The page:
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Simms v. Houglan

United States District Court, N.D. Ohio, Eastern Division

January 24, 2018

TIMOTHY SIMMS, Plaintiff,
v.
TODD HOUGLAN, et al., Defendants.

          JUDGE DONALD C. NUGENT

          REPORT & RECOMMENDATION

          THOMAS M. PARKER, UNITED STATES MAGISTRATE JUDGE.

         I. Introduction

         Ohio inmate Timothy Simms brought this action under 42 U.S.C. § 1983 alleging that defendants - medical professionals employed by the Ohio Department of Rehabilitation and Correction - violated his right to be protected from cruel and unusual punishment under the Eighth Amendment to the United States Constitution. According to Simms, this happened when defendants acted with deliberate indifference to two of his serious medical needs. Defendants moved to dismiss the complaint on September 11, 2017. ECF Doc. 8. Simms filed a memorandum in opposition to the motion to dismiss on September 25, 2017. ECF Doc. 9. Although defendants requested and received leave to file a reply in support of their motion by October 23, 2017, they filed no reply brief. Because Simms has not stated claims upon which relief can be granted, I recommend[1] that the court DISMISS Simms's complaint.

         II. Standard of Review

         Federal Rule of Civil Procedure 12(b)(6) provides, in relevant part, that “a party may assert the following defenses by motion: * * * (6) failure to state a claim upon which relief can be granted.” Although a complaint attacked by a Rule 12(b)(6) motion to dismiss need not contain detailed factual allegations, Bell Atlantic Corp. v. Twombly, 550 U.S.544, 555, 127 S.Ct. 1955, 167 L.Ed.2d 929 (2007); Sanjuan v. American Bd. of Psychiatry and Neurology, Inc., 40 F.3d 247, 251 (C.A.7 1994), a plaintiff's obligation to provide the “grounds” of his “entitle[ment] to relief” requires more than labels and conclusions, and a formulaic recitation of the elements of a cause of action will not do. Twombly, 550 U.S. at 555; See also Papasan v. Allain, 478 U.S. 265, 286, 106 S.Ct. 2932, 92 L.Ed.2d 209 (1986) (on a motion to dismiss, courts “are not bound to accept as true a legal conclusion couched as a factual allegation”).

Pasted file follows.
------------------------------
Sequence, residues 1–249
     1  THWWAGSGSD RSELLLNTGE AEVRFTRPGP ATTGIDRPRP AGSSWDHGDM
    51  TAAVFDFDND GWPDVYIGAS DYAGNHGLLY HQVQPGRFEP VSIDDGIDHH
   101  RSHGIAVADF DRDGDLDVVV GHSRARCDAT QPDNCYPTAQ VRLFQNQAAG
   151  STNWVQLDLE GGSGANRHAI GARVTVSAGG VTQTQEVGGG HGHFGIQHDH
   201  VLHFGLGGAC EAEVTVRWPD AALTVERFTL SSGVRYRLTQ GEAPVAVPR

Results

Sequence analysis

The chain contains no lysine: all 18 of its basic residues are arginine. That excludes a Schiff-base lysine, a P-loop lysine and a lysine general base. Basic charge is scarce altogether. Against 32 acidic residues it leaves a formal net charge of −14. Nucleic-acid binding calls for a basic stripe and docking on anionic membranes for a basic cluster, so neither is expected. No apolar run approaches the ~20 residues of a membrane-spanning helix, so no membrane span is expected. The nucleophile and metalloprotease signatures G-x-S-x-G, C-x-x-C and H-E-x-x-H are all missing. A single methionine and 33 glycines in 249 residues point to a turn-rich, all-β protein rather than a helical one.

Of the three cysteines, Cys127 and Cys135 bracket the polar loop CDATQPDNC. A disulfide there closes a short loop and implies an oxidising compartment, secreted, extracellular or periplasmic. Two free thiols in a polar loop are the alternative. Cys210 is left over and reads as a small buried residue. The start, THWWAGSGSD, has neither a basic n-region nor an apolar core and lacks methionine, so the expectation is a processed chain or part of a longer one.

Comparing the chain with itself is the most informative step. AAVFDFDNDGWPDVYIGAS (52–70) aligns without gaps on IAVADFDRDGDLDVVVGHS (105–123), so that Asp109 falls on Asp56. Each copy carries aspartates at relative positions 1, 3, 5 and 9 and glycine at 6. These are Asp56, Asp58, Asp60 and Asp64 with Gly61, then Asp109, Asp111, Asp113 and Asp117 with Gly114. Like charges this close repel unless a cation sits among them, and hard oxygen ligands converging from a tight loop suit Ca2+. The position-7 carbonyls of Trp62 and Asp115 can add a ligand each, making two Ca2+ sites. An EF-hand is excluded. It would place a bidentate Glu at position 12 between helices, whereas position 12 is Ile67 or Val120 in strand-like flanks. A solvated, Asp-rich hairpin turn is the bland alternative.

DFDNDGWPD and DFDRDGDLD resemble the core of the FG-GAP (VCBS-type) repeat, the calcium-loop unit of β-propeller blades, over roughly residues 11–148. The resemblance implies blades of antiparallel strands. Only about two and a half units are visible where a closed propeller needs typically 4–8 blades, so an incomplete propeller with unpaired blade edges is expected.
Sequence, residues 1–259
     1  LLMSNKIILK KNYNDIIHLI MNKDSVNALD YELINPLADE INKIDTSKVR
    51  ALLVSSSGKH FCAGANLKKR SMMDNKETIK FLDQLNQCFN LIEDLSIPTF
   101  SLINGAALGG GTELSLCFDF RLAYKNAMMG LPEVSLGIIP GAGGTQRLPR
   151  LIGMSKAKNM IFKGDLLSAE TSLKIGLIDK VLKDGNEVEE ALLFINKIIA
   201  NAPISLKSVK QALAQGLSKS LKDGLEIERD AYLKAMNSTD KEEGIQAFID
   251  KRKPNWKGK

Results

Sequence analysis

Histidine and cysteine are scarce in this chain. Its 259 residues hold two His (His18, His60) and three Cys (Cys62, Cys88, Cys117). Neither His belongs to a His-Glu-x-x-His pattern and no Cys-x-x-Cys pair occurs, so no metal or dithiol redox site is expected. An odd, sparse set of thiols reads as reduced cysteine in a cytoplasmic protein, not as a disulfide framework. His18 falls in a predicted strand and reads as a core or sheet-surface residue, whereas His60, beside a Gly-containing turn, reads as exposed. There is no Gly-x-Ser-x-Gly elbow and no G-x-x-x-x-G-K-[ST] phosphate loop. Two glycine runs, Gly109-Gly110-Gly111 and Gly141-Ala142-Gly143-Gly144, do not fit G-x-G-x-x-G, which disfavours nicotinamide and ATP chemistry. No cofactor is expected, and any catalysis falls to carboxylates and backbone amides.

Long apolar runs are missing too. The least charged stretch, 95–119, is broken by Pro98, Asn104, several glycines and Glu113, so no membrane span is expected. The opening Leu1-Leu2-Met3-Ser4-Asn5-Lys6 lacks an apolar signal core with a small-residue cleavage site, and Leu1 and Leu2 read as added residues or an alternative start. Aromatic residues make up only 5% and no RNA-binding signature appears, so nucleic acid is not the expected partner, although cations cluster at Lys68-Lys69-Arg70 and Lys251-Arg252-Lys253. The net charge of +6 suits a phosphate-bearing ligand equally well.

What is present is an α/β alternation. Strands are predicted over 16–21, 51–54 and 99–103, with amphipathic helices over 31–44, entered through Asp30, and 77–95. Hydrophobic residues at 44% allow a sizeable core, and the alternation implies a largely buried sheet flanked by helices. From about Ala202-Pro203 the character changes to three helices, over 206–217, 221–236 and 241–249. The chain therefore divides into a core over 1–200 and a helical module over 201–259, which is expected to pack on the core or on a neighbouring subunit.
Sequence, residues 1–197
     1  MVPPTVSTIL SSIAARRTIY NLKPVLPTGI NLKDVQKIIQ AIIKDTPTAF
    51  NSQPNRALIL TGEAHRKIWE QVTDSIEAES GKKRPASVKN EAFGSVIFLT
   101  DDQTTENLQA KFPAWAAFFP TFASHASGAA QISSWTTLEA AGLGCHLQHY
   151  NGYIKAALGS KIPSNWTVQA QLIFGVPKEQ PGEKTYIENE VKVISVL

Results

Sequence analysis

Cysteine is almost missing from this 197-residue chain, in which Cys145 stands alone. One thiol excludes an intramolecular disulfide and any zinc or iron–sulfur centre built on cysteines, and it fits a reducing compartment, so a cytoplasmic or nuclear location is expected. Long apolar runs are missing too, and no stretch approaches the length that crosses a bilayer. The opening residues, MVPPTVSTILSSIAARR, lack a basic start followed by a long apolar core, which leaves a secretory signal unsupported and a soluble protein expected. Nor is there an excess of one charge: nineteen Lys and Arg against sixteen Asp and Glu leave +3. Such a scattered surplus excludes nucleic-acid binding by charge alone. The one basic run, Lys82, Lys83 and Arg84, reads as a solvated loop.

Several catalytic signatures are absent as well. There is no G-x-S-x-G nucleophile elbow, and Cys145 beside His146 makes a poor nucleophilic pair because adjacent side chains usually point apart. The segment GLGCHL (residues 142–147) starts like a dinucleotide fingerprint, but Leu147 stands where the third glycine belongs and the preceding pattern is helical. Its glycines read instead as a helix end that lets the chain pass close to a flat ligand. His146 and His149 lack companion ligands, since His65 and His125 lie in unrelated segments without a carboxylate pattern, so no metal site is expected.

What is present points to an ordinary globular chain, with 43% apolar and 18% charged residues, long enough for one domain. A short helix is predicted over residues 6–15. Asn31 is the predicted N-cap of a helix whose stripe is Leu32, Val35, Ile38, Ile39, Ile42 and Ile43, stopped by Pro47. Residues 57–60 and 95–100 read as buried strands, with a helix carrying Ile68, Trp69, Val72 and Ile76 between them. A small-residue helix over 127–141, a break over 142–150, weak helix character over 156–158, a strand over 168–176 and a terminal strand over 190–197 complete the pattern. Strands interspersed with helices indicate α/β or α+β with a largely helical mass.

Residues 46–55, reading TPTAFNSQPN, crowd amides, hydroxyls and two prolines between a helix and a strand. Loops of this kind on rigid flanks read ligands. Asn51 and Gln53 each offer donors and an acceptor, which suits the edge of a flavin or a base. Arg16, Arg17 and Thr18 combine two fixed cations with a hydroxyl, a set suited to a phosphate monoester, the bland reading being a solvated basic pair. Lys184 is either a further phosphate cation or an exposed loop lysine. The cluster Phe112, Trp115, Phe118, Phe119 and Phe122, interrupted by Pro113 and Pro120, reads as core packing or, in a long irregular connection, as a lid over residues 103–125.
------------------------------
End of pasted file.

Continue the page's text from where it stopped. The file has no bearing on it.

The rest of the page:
The Supreme Court further explained the pleading requirements in Ashcroft v. Iqbal, 566 U.S. 662, 129 S.Ct. 1937, 173 L.Ed.2d 868 (2009).

[T]he pleading standard Rule 8 announces does not require “detailed factual allegations, ” but it demands more than an unadorned, the-defendant-unlawfully-harmed-me accusation. A pleading that offers “labels and conclusions” or “a formulaic recitation of the elements of a cause of action will not do.” Nor does a complaint suffice if it tenders “naked assertion[s]” devoid of “further factual enhancement. To survive a motion to dismiss, a complaint must contain sufficient factual matter, accepted as true, to “state a claim to relief that is plausible on its face.” A claim has facial plausibility when the plaintiff alleges factual content that allows the court to draw the reasonable inference that the defendant is liable for the misconduct alleged. The plausibility standard is not akin to a “probability requirement” but it asks more than a sheer possibility that a defendant has acted unlawfully. Where a complaint pleads facts that are “merely consistent with” a defendant's liability, it “stops short of the line between possibility and plausibility of ‘entitlement to relief.'

129 S.Ct. at 1949 (internal citations omitted).